June 2014, Part 2
The Treatment of Relapsed Metastatic Melanoma Using a Novel Immunotherapy Combination:
Interview with the Innovators
An Interview with Mario Sznol, MD
During the 2014 annual meeting of the American Society of Clinical Oncology (ASCO), Mario Sznol, MD, presented Abstract LBA9003—Survival, Response Duration, and Activity by BRAF Mutation Status of Nivolumab and Ipilimumab Concurrent Therapy in Advanced Melanoma—on behalf of his colleagues and fellow investigators. The presentation summarized objectives, methods, and long-term findings from a phase 1 study of concurrent and sequenced nivolumab and ipilimumab (Yervoy) in heavily pretreated patients with metastatic melanoma.1
Ipilimumab was the first immune checkpoint inhibitor approved for use in the treatment of inoperable stage IV metastatic melanoma. Introduced in 2011, this anti–CTLA-4 (cytotoxic T-lymphocyte antigen-4) monoclonal antibody has become a standard option for patients with either BRAF-mutated or BRAF-wild type (unmutated) metastatic melanoma.2
Nivolumab targets the programmed death–1 (PD-1) or CD279 cell surface membrane receptor on cancer cells. When PD-1 binds to its ligands, PD-1 ligand 1 (PD-L1) and PD-1 ligand 2 (PD-L2), lymphocyte activation is downregulated, essentially masking the cancer cell from the host’s immune system. By inhibiting the interaction between PD-1 and its ligands, therapies like nivolumab promote antigen-specific immune (T-cell) responses, such that cancer cells are more easily recognized and eliminated by the immune system.3
Nivolumab is currently in clinical development for multiple solid and hematologic tumors, including metastatic melanoma, advanced non–small cell lung cancer (NSCLC), metastatic renal cell cancer, colon cancer, head and neck cancer, glioblastoma, relapsed diffuse large B-cell lymphoma, and follicular lymphoma.4
Data regarding the combination of ipilimumab and nivolumab in metastatic melanoma generated significant attention during the 2013 ASCO meeting, when phase 1 survival statistics were characterized as “spectacular.”5 Longer-term results from this study, as presented by Dr Sznol in 2014, continue to be notable. He reported that the combination of ipilimumab and nivolumab produced an “unprecedented” median overall survival (OS) of 40 months for patients with metastatic melanoma, which is “nearly double” that of median OS figures that have been reported for either agent administered alone. The 1-year and 2-year OS rates across all cohorts were 85% and 79%, respectively. In the cohort of patients receiving nivolumab (1 mg/kg) and ipilimumab (3 mg/kg), which is the approach being tested in an ongoing, randomized trial, 1-year and 2-year OS rates were 94% and 88%, respectively.
In the phase 1 trial, 94 patients with inoperable stage III or IV melanoma who had received up to 3 previous systemic therapies received concurrent treatment with ipilimumab and nivolumab in various dose schemes. Approximately half (55%) of patients who enrolled in this phase 1 trial had very advanced melanoma (stage M1c), and 60% had received no previous systemic treatments.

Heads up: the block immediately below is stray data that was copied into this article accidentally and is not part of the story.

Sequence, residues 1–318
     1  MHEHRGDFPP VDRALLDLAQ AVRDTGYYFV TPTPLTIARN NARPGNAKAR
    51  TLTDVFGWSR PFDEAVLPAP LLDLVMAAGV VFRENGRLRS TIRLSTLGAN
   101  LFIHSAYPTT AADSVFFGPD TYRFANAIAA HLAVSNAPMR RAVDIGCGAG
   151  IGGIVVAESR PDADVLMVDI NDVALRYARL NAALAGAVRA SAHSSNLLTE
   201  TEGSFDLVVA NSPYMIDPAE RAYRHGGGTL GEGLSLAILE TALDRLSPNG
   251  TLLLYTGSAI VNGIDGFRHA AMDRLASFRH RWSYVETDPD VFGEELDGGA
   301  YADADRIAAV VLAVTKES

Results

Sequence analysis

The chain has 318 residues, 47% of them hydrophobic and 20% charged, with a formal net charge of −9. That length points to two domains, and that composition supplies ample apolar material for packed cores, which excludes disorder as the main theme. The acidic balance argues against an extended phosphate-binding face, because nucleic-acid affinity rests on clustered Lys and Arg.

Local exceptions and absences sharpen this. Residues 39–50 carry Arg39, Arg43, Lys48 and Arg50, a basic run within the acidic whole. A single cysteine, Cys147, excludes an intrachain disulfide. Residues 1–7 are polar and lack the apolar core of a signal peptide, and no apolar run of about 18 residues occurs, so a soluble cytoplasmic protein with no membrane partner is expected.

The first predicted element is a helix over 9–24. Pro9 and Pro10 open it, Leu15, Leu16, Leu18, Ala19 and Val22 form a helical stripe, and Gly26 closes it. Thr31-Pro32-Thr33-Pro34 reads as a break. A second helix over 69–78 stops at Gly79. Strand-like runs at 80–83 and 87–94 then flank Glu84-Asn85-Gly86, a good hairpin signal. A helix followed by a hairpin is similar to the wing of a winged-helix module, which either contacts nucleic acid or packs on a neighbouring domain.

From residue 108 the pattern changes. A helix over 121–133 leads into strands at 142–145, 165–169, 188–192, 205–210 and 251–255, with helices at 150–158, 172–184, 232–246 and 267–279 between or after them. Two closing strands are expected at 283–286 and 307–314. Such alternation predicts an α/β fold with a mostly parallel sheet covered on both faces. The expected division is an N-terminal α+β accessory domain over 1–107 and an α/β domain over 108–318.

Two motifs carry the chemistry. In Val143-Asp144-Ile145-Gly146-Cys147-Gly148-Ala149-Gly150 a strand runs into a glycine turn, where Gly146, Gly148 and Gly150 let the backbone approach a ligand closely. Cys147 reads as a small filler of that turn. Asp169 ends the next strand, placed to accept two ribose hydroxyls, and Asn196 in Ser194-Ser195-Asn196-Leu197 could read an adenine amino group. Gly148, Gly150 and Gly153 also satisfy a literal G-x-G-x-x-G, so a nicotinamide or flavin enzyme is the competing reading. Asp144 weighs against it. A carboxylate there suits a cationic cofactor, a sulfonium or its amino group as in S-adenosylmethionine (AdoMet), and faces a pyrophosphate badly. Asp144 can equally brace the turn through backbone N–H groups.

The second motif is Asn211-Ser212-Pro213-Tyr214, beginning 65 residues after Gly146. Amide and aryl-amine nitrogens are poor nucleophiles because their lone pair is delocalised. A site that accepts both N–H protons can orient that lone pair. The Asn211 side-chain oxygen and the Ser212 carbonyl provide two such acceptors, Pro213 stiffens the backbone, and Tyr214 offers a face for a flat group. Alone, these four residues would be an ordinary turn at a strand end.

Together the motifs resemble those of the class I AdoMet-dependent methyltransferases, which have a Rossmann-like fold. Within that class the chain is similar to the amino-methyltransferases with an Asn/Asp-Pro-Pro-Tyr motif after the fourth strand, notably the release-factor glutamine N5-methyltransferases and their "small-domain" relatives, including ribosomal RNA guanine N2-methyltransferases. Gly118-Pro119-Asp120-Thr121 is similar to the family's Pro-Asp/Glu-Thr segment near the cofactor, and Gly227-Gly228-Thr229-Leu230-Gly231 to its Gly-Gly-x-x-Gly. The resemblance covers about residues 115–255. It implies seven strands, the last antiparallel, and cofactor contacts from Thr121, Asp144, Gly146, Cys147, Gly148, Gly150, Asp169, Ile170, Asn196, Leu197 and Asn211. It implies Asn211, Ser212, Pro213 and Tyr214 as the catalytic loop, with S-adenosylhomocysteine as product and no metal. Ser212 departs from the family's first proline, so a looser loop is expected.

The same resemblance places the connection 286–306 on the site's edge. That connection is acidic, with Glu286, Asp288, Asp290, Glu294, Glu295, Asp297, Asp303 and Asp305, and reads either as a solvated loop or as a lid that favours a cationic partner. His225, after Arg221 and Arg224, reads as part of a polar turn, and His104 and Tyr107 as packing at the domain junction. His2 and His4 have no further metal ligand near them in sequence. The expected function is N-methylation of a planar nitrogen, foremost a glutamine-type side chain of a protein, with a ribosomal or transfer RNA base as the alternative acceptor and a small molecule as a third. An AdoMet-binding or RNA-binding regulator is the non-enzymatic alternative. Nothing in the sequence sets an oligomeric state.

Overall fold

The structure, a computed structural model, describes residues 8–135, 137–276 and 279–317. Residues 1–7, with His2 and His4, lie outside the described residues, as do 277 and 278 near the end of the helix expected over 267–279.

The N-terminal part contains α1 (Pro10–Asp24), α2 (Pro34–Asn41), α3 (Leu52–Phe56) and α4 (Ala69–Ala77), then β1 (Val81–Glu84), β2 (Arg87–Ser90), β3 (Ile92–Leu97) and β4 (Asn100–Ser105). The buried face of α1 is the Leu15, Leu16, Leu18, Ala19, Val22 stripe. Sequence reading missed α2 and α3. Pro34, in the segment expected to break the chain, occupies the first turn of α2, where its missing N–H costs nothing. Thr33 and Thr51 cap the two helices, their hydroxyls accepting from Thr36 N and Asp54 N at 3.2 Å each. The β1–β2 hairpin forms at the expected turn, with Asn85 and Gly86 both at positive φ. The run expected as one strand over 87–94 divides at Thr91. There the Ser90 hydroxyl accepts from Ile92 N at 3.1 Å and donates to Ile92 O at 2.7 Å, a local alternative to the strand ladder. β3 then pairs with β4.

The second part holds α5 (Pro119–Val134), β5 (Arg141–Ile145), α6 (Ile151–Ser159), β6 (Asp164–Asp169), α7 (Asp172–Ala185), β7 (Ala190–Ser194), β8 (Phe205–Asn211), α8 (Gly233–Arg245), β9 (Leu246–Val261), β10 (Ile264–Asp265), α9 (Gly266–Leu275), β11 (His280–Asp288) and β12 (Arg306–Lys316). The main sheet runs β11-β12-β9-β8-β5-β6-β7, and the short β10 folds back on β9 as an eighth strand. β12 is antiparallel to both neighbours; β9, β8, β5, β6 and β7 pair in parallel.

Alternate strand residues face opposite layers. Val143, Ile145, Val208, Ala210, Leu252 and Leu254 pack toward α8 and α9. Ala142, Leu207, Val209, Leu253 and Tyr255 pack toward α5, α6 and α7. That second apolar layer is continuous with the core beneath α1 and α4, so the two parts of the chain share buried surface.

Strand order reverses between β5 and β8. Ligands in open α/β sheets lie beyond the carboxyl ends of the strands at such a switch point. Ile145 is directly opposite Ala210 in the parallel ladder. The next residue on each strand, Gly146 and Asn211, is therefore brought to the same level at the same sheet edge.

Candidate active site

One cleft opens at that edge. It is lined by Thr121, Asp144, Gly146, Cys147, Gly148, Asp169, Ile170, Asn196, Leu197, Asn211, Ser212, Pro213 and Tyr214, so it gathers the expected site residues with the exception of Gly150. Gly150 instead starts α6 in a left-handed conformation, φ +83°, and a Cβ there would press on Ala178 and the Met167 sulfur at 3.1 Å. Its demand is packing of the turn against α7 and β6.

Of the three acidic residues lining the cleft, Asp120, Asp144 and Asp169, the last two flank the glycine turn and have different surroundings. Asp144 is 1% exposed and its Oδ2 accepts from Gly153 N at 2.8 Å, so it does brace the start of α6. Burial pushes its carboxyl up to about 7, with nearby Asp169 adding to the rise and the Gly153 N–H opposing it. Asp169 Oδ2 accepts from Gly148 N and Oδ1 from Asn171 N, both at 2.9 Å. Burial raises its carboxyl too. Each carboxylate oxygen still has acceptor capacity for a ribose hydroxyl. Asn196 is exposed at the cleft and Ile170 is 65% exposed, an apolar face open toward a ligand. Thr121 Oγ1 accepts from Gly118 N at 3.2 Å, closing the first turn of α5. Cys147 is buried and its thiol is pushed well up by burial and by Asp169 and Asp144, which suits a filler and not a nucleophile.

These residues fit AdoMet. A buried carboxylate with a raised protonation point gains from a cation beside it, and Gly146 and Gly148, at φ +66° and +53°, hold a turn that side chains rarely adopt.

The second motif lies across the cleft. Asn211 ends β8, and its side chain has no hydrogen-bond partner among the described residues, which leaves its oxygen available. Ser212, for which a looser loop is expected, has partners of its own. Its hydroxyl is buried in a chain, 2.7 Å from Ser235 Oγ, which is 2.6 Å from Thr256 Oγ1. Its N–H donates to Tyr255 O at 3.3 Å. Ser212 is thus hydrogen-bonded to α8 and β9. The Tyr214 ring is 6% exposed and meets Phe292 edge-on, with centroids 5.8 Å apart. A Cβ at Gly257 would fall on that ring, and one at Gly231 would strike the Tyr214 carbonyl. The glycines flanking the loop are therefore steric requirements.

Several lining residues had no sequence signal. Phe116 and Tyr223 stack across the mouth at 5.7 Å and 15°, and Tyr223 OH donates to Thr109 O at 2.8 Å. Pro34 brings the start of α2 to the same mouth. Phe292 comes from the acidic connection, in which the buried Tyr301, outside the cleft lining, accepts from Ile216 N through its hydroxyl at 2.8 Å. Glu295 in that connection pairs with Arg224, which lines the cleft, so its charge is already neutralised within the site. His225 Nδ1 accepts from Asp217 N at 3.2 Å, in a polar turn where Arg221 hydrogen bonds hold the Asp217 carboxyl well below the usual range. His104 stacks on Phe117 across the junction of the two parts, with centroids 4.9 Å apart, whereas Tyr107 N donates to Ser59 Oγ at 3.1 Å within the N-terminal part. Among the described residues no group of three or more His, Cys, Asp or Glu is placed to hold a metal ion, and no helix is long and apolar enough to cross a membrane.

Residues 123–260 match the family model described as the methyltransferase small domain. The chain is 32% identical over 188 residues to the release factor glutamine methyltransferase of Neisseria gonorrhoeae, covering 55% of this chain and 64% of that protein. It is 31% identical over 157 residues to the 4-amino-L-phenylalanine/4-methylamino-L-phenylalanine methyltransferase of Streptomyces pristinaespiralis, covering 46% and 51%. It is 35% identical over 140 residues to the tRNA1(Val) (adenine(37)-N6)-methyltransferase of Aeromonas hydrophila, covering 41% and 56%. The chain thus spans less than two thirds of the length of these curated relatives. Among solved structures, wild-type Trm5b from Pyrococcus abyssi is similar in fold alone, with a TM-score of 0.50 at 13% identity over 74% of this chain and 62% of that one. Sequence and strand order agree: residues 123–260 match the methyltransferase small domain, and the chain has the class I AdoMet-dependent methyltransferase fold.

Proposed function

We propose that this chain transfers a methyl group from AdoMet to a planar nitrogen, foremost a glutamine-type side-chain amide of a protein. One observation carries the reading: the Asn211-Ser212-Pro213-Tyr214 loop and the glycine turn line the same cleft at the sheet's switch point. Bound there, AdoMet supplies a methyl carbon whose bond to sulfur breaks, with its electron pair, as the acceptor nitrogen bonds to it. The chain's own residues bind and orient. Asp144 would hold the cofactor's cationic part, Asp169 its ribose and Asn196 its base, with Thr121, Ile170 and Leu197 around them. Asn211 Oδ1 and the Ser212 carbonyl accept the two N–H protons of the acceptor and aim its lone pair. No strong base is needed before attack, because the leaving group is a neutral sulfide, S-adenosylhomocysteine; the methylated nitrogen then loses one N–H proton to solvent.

Among the 53 patients, 42% demonstrated objective responses to ipilimumab and nivolumab concurrent therapy, with complete responses observed in 17%. Tumor shrinkage was described as rapid and extensive. Responses were also durable, with 18 of 22 responses (82%) ongoing at the time of analysis. Clinical responses were seen regardless of BRAF mutation status or PD-L1 status, and across all dose cohorts.
In this combination trial, rates of adverse events (AEs), including immune-related AEs, were higher than previously observed for ipilimumab and nivolumab when used as single agents. However, they were characterized as manageable and reversible in almost all patients. Severe (grade 3/4) AEs were observed in 62% of patients receiving concurrent ipilimumab and nivolumab, the most common of which were elevated lipase levels (15%), elevated liver enzymes (14%), and gastrointestinal side effects (14%).
Dr Sznol and colleagues continue to follow patients in 8 dosing cohorts of this phase 1 study of concurrent and sequential ipilimumab and nivolumab. Additionally, a 3-arm phase 3 trial is comparing the combination of ipilimumab and nivolumab with nivolumab monotherapy and ipilimumab monotherapy, and a phase 2 randomized study is comparing combination therapy to ipilimumab monotherapy in metastatic melanoma.
These new agents were the topic of an interview with melanoma expert and lead investigator in the nivolumab clinical development program, Mario Sznol, MD, from Yale University. Dr Sznol is a medical oncologist affiliated with Yale; he is Professor of Medicine (medical oncology); Clinical Research Program Leader of the Melanoma Program and Yale Cancer Center; and Co-Director of the Yale Specialized Programs of Research Excellence (SPORE) in Skin Cancer.